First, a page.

If you were injured because a doctor was negligent and you want to file a medical malpractice lawsuit, you have some hurdles to get over. Maryland requires you to file something called a certificate of merit accompanied by an expert report to show you have a valid claim before you can move forward with a lawsuit.
Below, our Silver Spring medical malpractice lawyers discuss these documents in detail. This is one reason why medical malpractice lawsuits are complicated and why it is important to have a qualified legal team on your side to walk you through the whole process. Our team at Goldberg Finnegan has a proven track record of getting our clients the compensation they deserve.
What Does a Certificate of Merit Cover?
A Certificate of merit is an important document for a medical malpractice case. This document, also referred to as a certificate of qualified expert, is a document signed by a medical expert and accompanied by a report from the same expert. The expert must work in the same field as the at-fault health care provider named in the case. The expert must say the claim you are making has merit, which means he or she thinks the doctor who injured you did not follow accepted medical standards.
The certificate and report must include this information:
- Statement that expert has a valid medical license
- A statement that the expert does not devote more than 20 percent of his or her time to activities related to testifying in personal injury cases annually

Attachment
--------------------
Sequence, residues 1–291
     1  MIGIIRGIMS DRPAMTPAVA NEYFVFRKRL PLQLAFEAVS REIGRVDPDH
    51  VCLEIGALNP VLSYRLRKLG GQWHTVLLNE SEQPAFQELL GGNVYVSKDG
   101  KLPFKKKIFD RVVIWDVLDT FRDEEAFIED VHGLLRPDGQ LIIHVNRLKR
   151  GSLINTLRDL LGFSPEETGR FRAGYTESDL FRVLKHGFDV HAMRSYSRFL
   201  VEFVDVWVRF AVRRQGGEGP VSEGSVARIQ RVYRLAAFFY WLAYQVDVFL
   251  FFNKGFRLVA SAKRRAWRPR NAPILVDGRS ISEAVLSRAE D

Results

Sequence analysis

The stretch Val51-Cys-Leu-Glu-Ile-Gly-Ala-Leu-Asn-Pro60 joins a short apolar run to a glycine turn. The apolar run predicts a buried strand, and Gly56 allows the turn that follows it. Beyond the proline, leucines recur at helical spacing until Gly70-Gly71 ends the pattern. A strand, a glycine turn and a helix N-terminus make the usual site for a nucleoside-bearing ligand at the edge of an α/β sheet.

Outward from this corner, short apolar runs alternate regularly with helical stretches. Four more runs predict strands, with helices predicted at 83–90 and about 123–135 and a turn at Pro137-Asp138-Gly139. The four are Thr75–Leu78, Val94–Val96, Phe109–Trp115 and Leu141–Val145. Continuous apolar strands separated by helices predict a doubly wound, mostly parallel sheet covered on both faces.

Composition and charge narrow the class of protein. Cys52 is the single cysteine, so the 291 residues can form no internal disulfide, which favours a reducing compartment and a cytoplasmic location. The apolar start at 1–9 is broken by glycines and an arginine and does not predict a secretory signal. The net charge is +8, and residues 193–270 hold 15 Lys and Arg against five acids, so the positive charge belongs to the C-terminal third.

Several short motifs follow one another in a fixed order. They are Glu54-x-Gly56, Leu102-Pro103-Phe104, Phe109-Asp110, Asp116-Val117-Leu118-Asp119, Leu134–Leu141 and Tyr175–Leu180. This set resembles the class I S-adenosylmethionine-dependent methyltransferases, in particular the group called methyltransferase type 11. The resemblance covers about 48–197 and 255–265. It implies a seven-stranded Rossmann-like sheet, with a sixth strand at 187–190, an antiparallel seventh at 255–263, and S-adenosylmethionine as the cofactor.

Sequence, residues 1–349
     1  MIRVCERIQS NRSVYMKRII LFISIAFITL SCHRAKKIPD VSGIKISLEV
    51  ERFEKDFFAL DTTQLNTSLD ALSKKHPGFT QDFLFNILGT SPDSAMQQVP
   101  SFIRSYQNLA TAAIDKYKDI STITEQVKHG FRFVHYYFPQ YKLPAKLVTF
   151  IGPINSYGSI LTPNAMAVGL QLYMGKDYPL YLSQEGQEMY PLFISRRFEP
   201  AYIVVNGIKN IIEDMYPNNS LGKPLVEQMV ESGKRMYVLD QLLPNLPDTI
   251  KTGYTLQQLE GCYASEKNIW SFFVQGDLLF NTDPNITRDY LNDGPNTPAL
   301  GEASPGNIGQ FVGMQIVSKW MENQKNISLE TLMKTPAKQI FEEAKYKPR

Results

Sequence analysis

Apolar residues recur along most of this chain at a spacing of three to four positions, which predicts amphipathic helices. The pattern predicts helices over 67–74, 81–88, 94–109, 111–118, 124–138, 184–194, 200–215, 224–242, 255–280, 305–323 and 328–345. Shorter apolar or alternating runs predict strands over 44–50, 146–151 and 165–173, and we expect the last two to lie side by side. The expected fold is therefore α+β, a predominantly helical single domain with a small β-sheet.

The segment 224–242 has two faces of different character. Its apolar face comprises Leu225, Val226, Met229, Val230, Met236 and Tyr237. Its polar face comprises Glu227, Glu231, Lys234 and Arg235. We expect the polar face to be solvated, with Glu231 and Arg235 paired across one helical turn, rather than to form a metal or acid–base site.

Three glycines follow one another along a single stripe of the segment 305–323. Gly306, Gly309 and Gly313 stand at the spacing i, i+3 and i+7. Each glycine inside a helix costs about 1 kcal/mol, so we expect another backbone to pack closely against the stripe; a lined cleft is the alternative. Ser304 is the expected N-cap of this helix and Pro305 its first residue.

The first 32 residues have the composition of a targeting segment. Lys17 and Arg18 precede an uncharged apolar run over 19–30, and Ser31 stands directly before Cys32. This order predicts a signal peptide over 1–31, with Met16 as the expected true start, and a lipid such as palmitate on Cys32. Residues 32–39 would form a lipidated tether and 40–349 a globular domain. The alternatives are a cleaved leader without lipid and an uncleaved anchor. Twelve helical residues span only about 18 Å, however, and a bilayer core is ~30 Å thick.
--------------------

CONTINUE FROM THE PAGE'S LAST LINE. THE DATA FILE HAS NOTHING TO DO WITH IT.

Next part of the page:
- Description of the expert’s experience, including medical specialty
- Board certifications and specializations
- A list of the medical records reviewed by the expert
- An explanation of the standard of care
- The ways the standard of care was violated by the at-fault health care provider
- A description of the injuries the victim suffered
- Explanation linking the victim’s injury to the health care provider’s negligence
Who Can the Expert be?
According to Maryland code Section 3-2A-04, the expert who signs the affidavit of merit can be anyone except:
- A party in the case
- Someone who works for a party
- Partner of a party
- Employee or stockholder in a corporation where the party holds stock
The person signing the affidavit of merit must practice in the same field of medicine as the doctor or other health care provider who injured you. For instance, you could not have an oncologist create a certificate and report if your claim is against an orthopedic surgeon. The expert you choose should be very familiar with standards of care in the medical field relevant to your claim.
Purpose of Certificates of Merit
The goals of requiring you to create a certificate of merit include:
- Reducing the overall number of lawsuits that are filed
- Reducing the overall amount of money that is involved in settling claims that might be questionable
- Limiting the amounts and types of liability insurance that professionals are required to carry
- Limiting the amounts and types of decisions by doctors that are made due to fear of being sued
Call an Experienced Attorney for More Information
If you want compensation for medical malpractice damages, speak to an experienced medical malpractice attorney to learn how he or she may assist you and fight for your best interests.
Our team at Goldberg Finnegan offers free case evaluations and provides services on a contingency fee basis, which means that there are no upfront legal fees. We only get paid if we are successful getting you the compensation you deserve.